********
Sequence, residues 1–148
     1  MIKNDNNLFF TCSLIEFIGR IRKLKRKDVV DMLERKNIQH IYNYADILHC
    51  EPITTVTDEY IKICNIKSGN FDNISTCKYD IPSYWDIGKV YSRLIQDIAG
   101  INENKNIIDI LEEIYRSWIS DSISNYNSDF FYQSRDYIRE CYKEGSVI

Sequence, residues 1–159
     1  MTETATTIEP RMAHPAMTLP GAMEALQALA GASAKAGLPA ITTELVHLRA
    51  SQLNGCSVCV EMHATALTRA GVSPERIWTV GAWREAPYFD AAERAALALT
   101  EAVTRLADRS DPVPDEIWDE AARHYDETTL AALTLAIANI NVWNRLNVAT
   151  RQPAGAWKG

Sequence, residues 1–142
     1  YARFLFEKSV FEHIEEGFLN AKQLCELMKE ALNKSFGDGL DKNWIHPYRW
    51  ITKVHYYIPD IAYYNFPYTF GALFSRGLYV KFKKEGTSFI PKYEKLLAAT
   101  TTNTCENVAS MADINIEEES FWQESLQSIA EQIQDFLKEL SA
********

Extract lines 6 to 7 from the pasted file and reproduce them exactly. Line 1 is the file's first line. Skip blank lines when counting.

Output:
     1  MTETATTIEP RMAHPAMTLP GAMEALQALA GASAKAGLPA ITTELVHLRA
    51  SQLNGCSVCV EMHATALTRA GVSPERIWTV GAWREAPYFD AAERAALALT